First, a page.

In the mid-1970s Robert Laxalt first began working on a family saga based on his own family's immigrant experiences from the nineteenth century through the present, and he came to realize hat he could not tell the entire story in one novel. The Basque Hotel (published in 1989) became the first of an acclaimed trilogy that also included Child of the Holy Ghost (1992) and The Governor's Mansion (1994). The organization of his material was a challenge:
"When one undertakes a triology, he is faced with two basic questions:
Where should it begin?
Where should it end?
The choices of beginning and end were overwhelming. I was dealing with lifetimes and a hundred turning points and climaxes in those lifetimes. Since I wanted to write about an immigrant Basque family, the trilogy should logically have begun in the the Basque Country from which my parents emigrated, and followed their lives chronologically to America and in America. I chose instead to start the trilogy by introducing the point-of-view character in America. I chose to make him a youth so that there would be a freshness in the people and things encountered. The story is mostly autobiographical, and the narrator is a boy named Pete, whose experiences and emotions are mine." (Robert Laxalt, Travels With My Royal, pp 185-186).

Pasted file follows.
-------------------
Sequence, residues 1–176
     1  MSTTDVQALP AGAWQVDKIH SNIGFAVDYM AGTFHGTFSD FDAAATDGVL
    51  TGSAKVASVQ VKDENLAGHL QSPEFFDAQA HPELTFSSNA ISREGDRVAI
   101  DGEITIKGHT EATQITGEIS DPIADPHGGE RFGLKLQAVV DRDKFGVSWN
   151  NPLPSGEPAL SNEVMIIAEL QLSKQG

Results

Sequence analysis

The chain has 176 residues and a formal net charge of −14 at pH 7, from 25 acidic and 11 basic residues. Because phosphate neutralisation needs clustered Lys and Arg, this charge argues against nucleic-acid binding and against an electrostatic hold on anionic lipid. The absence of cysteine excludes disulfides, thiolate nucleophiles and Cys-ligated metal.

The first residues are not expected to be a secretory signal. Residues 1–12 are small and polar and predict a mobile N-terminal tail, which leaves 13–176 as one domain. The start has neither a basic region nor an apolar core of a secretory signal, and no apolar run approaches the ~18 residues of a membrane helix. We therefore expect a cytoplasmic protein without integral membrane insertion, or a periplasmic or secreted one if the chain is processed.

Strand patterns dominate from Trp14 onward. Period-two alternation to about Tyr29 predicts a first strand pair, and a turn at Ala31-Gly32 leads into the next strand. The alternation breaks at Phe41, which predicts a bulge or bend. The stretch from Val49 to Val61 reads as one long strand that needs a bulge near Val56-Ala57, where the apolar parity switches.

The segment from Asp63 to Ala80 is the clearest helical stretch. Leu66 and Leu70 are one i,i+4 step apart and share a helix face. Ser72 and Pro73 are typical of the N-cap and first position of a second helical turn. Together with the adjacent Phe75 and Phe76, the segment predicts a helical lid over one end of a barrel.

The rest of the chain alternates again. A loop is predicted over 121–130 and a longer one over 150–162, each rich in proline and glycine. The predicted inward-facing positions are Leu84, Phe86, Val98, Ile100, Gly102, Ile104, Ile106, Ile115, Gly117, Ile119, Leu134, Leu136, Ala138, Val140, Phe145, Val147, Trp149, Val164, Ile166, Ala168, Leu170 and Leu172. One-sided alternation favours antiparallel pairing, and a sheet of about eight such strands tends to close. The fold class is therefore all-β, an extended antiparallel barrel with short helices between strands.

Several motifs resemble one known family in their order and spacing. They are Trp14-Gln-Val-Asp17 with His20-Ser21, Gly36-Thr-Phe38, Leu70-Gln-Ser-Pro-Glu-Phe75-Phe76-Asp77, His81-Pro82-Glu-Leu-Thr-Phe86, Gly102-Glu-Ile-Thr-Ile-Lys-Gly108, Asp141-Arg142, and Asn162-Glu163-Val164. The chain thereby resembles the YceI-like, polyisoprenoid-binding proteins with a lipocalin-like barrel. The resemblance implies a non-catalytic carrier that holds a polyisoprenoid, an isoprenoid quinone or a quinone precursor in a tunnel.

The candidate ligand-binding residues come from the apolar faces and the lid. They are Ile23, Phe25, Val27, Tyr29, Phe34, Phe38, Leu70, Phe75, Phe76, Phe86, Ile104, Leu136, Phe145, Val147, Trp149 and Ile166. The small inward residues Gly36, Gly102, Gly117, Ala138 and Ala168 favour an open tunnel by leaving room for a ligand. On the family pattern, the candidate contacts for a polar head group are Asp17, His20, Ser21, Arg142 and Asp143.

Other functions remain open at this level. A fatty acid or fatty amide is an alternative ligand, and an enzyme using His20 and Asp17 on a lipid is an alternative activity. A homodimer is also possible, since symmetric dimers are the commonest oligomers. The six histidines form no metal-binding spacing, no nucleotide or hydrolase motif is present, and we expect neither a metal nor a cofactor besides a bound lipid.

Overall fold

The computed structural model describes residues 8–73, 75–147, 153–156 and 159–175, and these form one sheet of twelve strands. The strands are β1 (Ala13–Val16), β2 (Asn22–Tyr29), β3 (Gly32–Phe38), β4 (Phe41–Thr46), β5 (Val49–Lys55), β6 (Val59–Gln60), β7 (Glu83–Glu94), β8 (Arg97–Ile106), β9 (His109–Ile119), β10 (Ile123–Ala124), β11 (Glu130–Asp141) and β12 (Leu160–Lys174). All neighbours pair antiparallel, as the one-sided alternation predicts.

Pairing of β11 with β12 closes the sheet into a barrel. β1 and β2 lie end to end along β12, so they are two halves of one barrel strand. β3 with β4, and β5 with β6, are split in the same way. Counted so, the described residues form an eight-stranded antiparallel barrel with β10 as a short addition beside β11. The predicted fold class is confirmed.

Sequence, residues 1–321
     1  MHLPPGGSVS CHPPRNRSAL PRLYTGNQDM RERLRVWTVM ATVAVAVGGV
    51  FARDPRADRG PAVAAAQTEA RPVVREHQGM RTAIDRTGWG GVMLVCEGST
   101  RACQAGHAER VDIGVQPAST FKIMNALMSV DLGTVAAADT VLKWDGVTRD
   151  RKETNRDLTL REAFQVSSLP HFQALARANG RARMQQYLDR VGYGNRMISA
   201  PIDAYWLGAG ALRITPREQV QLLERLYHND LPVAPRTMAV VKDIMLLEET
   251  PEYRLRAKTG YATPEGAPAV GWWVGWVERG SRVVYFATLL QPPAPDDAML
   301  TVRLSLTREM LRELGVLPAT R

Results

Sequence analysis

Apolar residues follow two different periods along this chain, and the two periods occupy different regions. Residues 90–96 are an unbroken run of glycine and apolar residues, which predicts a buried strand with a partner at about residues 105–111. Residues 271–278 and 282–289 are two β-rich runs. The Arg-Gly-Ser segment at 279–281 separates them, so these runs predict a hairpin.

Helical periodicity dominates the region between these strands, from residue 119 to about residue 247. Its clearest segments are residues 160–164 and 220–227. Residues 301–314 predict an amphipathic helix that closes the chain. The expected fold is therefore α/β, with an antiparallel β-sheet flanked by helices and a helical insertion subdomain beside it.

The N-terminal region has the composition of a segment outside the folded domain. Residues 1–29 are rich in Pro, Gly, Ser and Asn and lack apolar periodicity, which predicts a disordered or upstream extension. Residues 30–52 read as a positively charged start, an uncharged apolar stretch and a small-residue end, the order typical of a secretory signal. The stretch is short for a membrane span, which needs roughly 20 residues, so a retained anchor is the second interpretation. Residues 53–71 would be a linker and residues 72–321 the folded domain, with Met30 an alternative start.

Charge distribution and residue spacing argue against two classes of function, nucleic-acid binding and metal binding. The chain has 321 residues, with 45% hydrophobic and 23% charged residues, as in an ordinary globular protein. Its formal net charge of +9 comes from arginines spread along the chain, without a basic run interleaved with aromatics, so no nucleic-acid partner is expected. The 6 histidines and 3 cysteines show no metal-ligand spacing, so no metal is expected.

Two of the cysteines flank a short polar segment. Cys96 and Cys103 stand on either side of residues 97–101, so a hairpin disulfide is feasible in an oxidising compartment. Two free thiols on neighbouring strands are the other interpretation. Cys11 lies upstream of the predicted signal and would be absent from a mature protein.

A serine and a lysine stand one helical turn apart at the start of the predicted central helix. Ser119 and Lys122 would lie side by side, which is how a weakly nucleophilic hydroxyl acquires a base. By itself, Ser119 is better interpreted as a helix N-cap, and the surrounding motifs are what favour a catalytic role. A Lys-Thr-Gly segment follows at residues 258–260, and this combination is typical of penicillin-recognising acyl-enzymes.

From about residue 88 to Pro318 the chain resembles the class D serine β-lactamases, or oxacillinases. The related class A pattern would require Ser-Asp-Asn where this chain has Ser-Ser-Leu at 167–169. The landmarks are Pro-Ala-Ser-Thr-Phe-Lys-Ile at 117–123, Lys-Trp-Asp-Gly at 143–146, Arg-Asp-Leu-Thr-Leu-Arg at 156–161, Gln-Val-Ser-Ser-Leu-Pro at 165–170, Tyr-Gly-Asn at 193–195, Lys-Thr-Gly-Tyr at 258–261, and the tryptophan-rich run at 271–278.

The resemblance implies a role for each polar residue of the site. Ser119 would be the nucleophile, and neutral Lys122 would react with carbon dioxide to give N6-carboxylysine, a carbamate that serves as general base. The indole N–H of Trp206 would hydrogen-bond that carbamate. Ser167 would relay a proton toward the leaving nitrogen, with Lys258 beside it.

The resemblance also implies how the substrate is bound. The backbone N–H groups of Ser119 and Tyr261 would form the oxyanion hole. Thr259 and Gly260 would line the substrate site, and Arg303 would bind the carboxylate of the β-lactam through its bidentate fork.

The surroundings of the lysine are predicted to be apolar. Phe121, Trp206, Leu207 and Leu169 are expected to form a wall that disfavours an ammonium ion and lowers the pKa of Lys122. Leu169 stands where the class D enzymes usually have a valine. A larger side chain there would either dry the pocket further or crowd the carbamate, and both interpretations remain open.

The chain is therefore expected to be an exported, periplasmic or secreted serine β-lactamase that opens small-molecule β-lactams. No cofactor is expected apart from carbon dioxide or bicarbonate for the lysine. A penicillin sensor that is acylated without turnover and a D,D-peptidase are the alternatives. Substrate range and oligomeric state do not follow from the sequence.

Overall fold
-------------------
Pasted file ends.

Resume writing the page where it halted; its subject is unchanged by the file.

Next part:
Early drafts of the manuscript show that Laxalt's working title for this book was Rites of Passage, which certainly fit the "coming of age" theme, and that before he settled on The Basque Hotel, he used another title, The French Hotel, the actual name of the hotel his parents owned and operated in Carson City. In the novel, the family sells the hotel in the 1930s, at the beginning of Pete's adolescence, and it burns to the ground soon after. An article in the Reno Evening Gazette, however, reports the family's sale of the hotel in 1944, when the country is at war, and the adult "Pete" (Robert), is "in the diplomatic service." The Indart family is not identical to the Laxalt family, and the events in the book are not identical to the events in Robert Laxalt's life, though there are many parallels.
In revising his early drafts, Robert Laxalt deleted an original first chapter. He worked closely with his publisher, the University of Nevada Press, to seek input from reviewers, which he took seriously. The revisions of his drafts reflect the formal and informal opinions of his friends and assigned readers. The Robert Laxalt Papers in Special Collections document the writing process for The Basque Hotel from the author's notes to himself to the final edits of the galley proofs, providing an in-depth record of Robert Laxalt's experience of writing the book.